To understand the value of organic fertilizers, you need to understand that the ideal soil makeup is rich in micro-organisms and nutrients. It’s a mini-ecosystem, with plenty of beneficial bacteria and insects.

When you use a synthetic chemical fertilizer, you may be giving your grass or vegetables a jolt that will help them grow in the short term. But you’re not adding to the organic makeup of your soil. In fact, you’re stripping it away. After a while, your soil won’t be able to retain water and nutrients as well, and you’ll need more and more chemicals to obtain the same results.

Organic fertilizers, on the other hand, do two things for your lawn and garden. First, they feed the grass and vegetables; and second, they feed the soil itself.

Different types of organic fertilizersMulch

  • Compost: Any kind of organic matter that is at the end of decomposition is called compost. This could include grass clippings, leaves, vegetable peels, etc. You can easily make your own, or buy organic compost from your local garden center.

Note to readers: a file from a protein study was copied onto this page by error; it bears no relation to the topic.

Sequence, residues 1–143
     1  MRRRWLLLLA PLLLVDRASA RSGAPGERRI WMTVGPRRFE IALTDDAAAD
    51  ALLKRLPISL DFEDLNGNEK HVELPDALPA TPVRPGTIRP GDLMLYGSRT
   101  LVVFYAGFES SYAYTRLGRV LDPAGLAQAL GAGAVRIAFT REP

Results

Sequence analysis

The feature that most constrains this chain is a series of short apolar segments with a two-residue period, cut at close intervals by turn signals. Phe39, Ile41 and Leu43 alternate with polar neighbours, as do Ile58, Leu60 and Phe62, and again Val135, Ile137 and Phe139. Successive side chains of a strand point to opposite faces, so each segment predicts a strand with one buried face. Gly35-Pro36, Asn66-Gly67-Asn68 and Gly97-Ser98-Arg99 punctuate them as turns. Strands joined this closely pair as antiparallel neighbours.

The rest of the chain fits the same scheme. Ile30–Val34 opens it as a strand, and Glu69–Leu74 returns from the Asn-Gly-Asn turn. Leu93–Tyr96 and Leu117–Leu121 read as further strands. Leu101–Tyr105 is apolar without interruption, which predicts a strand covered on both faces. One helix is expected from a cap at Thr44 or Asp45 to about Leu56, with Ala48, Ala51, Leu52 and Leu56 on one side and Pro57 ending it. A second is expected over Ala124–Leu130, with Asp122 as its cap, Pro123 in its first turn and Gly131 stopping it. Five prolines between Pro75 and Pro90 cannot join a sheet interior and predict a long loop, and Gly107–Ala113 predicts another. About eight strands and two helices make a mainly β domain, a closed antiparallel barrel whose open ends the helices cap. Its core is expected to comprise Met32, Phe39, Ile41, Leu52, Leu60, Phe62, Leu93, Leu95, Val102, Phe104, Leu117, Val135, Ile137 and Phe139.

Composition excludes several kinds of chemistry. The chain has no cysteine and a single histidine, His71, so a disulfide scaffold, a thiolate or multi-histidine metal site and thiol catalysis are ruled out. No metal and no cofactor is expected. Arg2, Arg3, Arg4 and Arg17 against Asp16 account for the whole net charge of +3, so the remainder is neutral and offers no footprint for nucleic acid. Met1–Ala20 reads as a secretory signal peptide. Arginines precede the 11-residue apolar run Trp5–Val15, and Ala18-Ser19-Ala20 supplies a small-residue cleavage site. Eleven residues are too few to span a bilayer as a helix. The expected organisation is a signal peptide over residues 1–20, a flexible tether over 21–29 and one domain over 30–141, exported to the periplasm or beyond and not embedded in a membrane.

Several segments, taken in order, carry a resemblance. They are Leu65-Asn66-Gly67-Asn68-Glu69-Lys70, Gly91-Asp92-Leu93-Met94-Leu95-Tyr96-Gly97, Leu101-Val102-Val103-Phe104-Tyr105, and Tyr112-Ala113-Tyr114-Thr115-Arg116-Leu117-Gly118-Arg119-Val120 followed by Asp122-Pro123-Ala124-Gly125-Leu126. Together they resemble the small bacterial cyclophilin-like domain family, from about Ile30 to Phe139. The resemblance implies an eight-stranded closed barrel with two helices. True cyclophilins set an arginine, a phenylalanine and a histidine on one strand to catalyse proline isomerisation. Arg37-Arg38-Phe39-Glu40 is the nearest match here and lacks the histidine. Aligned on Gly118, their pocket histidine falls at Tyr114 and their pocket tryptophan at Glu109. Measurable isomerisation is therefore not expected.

• Aged Animal Manure: Animal manure needs to be aged at least 6 months before you use it on your garden, or else it can burn your plants. Cow, chicken, and sheep manure are all effective, but never use manure from cats, dogs, or humans, as these can spread disease.
  • Green Manure: These are plants that you grow with the sole intent of letting them decompose into the soil. Examples include alfalfa, clover, barley, and buckwheat.

Organic gardening isn’t a quick fix. Depending on the shape of your soil, it can require years of work before you reap the benefits. However, there’s no better way to ensure the long-term health of your lawn and garden.

For a FREE lawn analysis, contact the organic lawn care specialists at WeedPro today!